I believe that this book gets as close as it can to how war really is. He is telling his own story and what he has seen and how he delt with everthing. It also tells how other people deal with things. Mens wifes or Girl friends leaving or cheeting on them really happens, when people go to war. I have to give it to them, with all this stuff happening they still fight for the United States of America.

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  • Anonymous

    Posted November 8, 2007

    Negative

    Jarhead by Anthony Swofford. This is a non-fiction book. I don¿t like this book because I think it¿s sad and focuses on the negative. It takes place on the Iranian border, during the Gulf War. A marine, Anthony Swofford is fighting in the Gulf War. He faces many challenges in the war. He also has to deal with his girlfriend who left him for a scrawny hotel clerk. Anthony can¿t do anything about his girlfriend leaving him, he just fights in the war. This book is written in first person point of view. Anthony always focuses on the negative and drinks. Anthony tells you what he thought when certain events took place. There are slang and curse words in this book. This book is for kids that are my age (thirteen) and older.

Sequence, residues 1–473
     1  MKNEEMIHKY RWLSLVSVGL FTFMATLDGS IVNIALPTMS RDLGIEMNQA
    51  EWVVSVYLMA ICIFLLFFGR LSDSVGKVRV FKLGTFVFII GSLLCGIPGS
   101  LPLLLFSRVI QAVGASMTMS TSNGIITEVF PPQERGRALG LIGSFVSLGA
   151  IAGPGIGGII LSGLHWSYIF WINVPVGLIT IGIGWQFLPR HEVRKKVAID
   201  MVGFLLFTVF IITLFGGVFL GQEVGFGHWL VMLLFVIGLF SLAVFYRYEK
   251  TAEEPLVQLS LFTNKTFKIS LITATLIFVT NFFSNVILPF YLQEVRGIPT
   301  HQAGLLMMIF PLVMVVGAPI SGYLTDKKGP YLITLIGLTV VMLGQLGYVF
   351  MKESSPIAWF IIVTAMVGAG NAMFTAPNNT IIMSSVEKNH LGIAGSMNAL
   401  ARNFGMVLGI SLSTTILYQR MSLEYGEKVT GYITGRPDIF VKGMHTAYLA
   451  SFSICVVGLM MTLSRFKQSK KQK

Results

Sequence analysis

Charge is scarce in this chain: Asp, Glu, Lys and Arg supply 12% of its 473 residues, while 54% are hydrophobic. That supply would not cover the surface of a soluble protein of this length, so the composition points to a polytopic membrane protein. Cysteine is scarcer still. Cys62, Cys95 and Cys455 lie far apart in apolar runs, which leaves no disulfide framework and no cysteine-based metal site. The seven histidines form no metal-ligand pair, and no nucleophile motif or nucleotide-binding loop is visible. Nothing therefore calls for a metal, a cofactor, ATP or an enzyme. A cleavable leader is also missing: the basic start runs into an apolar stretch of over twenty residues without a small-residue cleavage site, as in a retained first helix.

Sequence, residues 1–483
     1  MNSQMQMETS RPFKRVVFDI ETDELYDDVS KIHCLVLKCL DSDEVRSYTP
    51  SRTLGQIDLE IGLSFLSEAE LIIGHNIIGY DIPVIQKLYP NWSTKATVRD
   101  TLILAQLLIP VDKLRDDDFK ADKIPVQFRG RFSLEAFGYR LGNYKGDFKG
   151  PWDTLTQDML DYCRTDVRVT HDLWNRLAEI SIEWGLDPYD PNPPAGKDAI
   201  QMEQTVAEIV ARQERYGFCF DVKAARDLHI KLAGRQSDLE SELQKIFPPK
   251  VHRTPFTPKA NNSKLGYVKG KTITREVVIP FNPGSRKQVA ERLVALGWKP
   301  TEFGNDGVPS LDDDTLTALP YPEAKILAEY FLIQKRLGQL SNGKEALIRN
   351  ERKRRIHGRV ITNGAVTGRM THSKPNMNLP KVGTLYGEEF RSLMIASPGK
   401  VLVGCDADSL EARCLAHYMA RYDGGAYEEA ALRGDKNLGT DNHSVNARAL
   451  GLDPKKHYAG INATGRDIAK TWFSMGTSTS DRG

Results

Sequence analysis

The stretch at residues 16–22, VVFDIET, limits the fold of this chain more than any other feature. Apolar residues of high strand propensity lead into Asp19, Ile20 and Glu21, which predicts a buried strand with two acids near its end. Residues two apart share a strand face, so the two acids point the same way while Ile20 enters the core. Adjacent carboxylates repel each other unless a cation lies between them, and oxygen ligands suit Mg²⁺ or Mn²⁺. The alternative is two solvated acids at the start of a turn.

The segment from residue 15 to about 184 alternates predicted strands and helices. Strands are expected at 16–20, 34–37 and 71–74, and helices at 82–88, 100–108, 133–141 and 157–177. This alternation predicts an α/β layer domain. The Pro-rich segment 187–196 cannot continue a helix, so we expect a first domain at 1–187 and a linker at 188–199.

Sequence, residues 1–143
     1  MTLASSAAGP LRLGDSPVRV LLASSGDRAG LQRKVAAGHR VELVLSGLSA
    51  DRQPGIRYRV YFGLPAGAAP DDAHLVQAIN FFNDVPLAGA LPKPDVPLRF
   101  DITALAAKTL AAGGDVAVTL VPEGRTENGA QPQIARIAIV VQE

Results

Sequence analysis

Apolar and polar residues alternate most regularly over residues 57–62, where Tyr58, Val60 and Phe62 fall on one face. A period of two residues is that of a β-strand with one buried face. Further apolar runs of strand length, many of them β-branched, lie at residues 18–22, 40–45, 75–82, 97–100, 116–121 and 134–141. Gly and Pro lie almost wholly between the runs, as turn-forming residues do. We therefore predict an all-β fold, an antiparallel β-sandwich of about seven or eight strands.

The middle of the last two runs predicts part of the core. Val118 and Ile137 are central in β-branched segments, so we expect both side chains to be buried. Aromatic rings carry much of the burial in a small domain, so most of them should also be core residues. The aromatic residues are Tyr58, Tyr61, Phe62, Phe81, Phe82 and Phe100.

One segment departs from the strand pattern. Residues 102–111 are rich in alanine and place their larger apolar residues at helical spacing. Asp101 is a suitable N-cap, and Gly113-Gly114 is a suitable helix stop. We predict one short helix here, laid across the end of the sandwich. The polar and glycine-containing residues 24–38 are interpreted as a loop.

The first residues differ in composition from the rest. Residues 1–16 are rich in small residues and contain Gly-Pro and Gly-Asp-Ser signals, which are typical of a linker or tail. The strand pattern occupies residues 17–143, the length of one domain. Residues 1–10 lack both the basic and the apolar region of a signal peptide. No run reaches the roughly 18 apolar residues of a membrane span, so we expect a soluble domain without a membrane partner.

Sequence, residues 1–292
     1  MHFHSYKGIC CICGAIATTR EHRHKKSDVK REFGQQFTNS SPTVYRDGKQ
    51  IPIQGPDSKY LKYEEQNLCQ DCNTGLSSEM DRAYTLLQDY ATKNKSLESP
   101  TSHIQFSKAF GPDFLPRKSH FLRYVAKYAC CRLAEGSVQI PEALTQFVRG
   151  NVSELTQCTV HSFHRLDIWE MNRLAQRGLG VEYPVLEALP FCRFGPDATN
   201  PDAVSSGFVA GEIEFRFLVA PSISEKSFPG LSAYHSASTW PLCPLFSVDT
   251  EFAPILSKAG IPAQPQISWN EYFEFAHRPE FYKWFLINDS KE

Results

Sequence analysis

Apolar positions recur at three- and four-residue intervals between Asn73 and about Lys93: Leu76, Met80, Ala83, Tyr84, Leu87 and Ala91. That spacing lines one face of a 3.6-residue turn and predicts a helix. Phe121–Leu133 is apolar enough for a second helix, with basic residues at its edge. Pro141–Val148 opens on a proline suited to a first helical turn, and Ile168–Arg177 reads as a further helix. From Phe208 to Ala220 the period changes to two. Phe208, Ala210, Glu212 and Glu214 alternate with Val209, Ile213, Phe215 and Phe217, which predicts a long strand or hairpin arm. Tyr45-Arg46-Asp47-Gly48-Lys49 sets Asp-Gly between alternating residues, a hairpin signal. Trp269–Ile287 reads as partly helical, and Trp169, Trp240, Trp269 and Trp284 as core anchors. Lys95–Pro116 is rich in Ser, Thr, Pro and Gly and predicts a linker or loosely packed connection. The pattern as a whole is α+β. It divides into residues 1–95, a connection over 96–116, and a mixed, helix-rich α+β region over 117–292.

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  • Anonymous

    Posted March 27, 2007

    How Marines are displayed in this book

    This book titled 'Jarhead' is an accurate portrait of what a Marine was, is and will be. Being in the marines is very stressful and difficult (the boot camp) and can challenge even the strongest people. Swofford hit the bulls-eye with this hit. I have never read a book that has described my beloved corps in a better manner. This book speaks the truth about what really goes on in A Devildogs head when he is about to engage in battle. I really like the writing style that Swofford gives in this masterpiece. If you have never understood the Marines then I suggest this book. This book displays love, hate, sadness, and fake happiness and I mean how happy could you be in a desert thats about to become a warzone. Overall this book captured me. Anthony Swofford did a great job giving the definition of a marine while in the Marine corps.

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  • Anonymous

    Posted January 27, 2007